In only one instance, that between FGFR2 and breast cancer, has the association been narrowed to a limited number of likely causal variants. Resequencing and conservation suggest that the SNP rs6983267 on 8q24 associated with multiple cancers is causal, and the SNP rs10993994 in MSMB associated with prostate cancer may well turn out to be causal, given its position and the strength of the association. Substantial resequencing and fine-mapping efforts will be required to establish the causal variants for the other loci (Table  1 ). From the few loci examined so far, one might speculate that many of the associations are driven by regulation of gene expression (either through disruption of promoter sequences or through more distant control) in signalling pathways related to cell proliferation.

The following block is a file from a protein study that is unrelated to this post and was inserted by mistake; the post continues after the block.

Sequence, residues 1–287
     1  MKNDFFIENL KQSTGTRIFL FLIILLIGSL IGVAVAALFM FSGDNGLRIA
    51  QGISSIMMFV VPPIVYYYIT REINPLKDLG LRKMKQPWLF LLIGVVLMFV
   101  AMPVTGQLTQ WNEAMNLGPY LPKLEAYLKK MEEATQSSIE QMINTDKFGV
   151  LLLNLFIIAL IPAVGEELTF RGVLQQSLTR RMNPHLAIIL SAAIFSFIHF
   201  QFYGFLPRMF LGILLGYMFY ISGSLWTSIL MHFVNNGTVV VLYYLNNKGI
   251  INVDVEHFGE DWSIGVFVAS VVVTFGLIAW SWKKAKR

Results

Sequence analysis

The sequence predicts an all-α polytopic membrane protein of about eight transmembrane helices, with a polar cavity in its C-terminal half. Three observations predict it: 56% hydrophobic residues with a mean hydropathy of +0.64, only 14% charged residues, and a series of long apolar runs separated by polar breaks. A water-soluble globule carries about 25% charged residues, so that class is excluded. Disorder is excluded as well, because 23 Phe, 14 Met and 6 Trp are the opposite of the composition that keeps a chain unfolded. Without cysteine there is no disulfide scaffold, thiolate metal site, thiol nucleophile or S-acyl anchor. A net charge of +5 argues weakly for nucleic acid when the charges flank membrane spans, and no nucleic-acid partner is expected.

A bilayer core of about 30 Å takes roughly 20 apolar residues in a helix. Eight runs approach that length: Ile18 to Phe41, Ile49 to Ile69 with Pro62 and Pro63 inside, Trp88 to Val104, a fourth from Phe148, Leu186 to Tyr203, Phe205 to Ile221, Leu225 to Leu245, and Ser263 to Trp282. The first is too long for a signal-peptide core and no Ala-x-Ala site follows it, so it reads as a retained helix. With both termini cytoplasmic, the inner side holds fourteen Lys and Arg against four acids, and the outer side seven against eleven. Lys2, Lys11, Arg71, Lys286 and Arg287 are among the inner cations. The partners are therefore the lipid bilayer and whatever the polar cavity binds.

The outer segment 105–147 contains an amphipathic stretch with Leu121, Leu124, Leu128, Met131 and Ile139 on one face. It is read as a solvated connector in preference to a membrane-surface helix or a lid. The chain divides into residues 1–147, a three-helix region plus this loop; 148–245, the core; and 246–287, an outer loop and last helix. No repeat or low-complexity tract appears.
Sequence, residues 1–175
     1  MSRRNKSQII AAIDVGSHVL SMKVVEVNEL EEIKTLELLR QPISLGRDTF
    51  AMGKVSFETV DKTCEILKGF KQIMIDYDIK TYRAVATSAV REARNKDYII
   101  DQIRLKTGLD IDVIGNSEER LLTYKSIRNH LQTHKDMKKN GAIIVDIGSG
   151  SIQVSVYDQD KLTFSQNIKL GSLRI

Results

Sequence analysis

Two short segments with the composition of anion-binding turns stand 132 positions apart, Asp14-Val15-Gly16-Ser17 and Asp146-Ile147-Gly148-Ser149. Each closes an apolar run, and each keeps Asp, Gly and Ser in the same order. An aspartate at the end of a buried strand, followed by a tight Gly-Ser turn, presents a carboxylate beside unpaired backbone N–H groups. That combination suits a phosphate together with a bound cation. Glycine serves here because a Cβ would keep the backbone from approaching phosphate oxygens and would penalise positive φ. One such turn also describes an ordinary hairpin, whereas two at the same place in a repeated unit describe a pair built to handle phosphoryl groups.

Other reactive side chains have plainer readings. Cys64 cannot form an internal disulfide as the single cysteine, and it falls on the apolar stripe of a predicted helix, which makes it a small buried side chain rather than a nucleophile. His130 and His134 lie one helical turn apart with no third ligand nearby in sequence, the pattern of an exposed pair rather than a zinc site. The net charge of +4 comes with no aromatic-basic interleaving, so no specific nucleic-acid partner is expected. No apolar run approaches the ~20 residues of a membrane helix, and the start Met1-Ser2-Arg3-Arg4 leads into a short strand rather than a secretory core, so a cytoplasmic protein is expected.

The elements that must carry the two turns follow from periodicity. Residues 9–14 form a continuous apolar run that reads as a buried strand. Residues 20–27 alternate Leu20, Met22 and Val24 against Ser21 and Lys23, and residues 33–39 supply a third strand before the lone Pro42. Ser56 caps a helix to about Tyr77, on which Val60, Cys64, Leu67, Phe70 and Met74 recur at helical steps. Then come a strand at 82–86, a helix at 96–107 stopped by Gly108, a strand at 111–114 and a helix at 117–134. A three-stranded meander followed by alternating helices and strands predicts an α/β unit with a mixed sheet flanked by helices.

We can make somewhat more definite statements regarding the genetic epidemiology. All the SNPs identified to date confer a modest risk, with all but one of the per allele odds ratios being <1.5. All the loci exhibit a dosage effect, with the excess risk to homozygotes of the risk allele usually being approximately twice the heterozygote risk. Given the size of the studies that have been conducted, and the coverage of the platforms, it is likely that there are few if any loci that have stronger effects (although the ‘causal’ variant will confer higher risks than the associated markers, and in some cases this difference could be substantial). Thus, the strongest loci identified so far (e.g. the 8q and MSMB loci for prostate cancer, FGFR2 and TNCR9 for breast cancer) are probably the strongest loci with common susceptibility variants for these cancers. On the other hand, some of the loci identified have odds ratios of 1.1 or less. The current generation of studies had low power to detect these loci, indicating that they were found by good fortune. Thus, it is likely that many more of these weaker loci exist. This is consistent with the fact that the current sets of loci explain only a small fraction of the overall familial risk of these cancers (∼5% for breast cancer, 15% for prostate cancer and 4% for colorectal cancer). A new generation of larger studies, combined analysis across multiple scans, and replication in tens of thousands of cases will be able to identify many more of these loci, and such studies are possible at least for the four commonest cancer types.